Don’t try to change a vehicle’s direction (from forward to reverse) with the clutch. If you’re rolling backward, for example, use the brakes to stop the vehicle before letting out the clutch to go forward. This is especially important for HMVs such at the CCKW and its variants, as well as the DUKW, because they have relatively small clutches in proportion to their size and weight. And anyone who has ever replaced a clutch on a DUKW knows how much fun that is!
TAKE CARE OF YOUR CLUTCH
What are the some of kindest things one can do for their clutches?
Always engage (“let out”) the clutch gently. When starting from a stop, use only the minimum amount of engine RPMs needed to put the vehicle in motion.
Try to “match revs” as much as possible when shifting gears, and engage (“let in”) the clutch gently. This especially applies when downshifting.
Avoid holding the clutch pedal down for long periods of time, such as when stopped somewhere with the engine running: shift to neutral instead.
Disengage the clutch when starting the engine. While leaving the clutch engaged when starting won’t hurt the clutch itself, one is putting more stress on the starter, especially in cold weather, because it must also turn the transmission’s main shaft, and in cold weather the transmission’s oil is thick which causes a lot of resistance.
Those who own vintage HMVs with six-volt electrical systems and “crash-box” transmissions will especially benefit by disengaging the clutch when starting the engine.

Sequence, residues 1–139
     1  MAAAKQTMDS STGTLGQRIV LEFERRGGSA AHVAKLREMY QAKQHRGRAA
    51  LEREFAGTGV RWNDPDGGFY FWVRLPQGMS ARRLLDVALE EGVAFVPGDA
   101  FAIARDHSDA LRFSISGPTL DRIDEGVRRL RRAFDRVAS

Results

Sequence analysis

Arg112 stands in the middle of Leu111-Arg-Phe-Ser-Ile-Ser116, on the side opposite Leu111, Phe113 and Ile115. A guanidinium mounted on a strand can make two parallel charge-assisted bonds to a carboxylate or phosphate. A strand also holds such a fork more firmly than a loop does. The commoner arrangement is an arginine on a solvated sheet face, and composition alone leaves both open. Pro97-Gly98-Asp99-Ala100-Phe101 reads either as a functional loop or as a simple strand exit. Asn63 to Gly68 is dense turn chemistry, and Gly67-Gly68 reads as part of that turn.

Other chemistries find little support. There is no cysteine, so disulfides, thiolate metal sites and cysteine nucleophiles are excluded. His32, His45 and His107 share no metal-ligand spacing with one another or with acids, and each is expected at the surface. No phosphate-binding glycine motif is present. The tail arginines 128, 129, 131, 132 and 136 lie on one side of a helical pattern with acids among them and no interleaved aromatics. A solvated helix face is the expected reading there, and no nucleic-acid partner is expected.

All clutches will eventually wear out — at least in vehicles that are driven — so what are some of the signs that a clutch is wearing out or at least needs to be “adjusted?” These signs should also be looked for if one is checking out a vehicle prior to purchase.
(By the way, “adjusting the clutch” is not really an accurate description because, except for large heavy-duty vehicles or machinery, one cannot adjust the clutch itself but rather only the clutch linkage (OPERATING PARTS) for clutch pedal free play.)
Noisy release (throw out bearing): If you hear a whine or squeal when stepping on the clutch pedal it usually indicates that the release bearing is wearing out due to depleted lubrication. Some large vehicles and machinery have a fitting to lube these bearings, but most common HMVs do not. I have had success by drilling a small hole in the case of sealed release bearings and using a needle attachment on a grease gun to lube them; but unless you want to try this your only other option is to replace the bearing.